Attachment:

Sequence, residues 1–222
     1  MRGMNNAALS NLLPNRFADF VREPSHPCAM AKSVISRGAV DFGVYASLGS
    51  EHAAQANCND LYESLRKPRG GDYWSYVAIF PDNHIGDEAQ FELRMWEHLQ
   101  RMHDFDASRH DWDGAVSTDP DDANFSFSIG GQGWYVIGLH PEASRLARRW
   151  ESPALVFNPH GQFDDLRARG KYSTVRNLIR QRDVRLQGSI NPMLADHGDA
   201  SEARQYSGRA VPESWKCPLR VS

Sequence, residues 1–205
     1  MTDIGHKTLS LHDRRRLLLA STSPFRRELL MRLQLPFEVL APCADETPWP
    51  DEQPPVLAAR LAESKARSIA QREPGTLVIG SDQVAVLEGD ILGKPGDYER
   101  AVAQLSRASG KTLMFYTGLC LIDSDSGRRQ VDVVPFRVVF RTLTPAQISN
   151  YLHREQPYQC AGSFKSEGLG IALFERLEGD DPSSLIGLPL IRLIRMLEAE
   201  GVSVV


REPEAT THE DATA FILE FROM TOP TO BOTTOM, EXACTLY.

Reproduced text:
Sequence, residues 1–222
     1  MRGMNNAALS NLLPNRFADF VREPSHPCAM AKSVISRGAV DFGVYASLGS
    51  EHAAQANCND LYESLRKPRG GDYWSYVAIF PDNHIGDEAQ FELRMWEHLQ
   101  RMHDFDASRH DWDGAVSTDP DDANFSFSIG GQGWYVIGLH PEASRLARRW
   151  ESPALVFNPH GQFDDLRARG KYSTVRNLIR QRDVRLQGSI NPMLADHGDA
   201  SEARQYSGRA VPESWKCPLR VS

Sequence, residues 1–205
     1  MTDIGHKTLS LHDRRRLLLA STSPFRRELL MRLQLPFEVL APCADETPWP
    51  DEQPPVLAAR LAESKARSIA QREPGTLVIG SDQVAVLEGD ILGKPGDYER
   101  AVAQLSRASG KTLMFYTGLC LIDSDSGRRQ VDVVPFRVVF RTLTPAQISN
   151  YLHREQPYQC AGSFKSEGLG IALFERLEGD DPSSLIGLPL IRLIRMLEAE
   201  GVSVV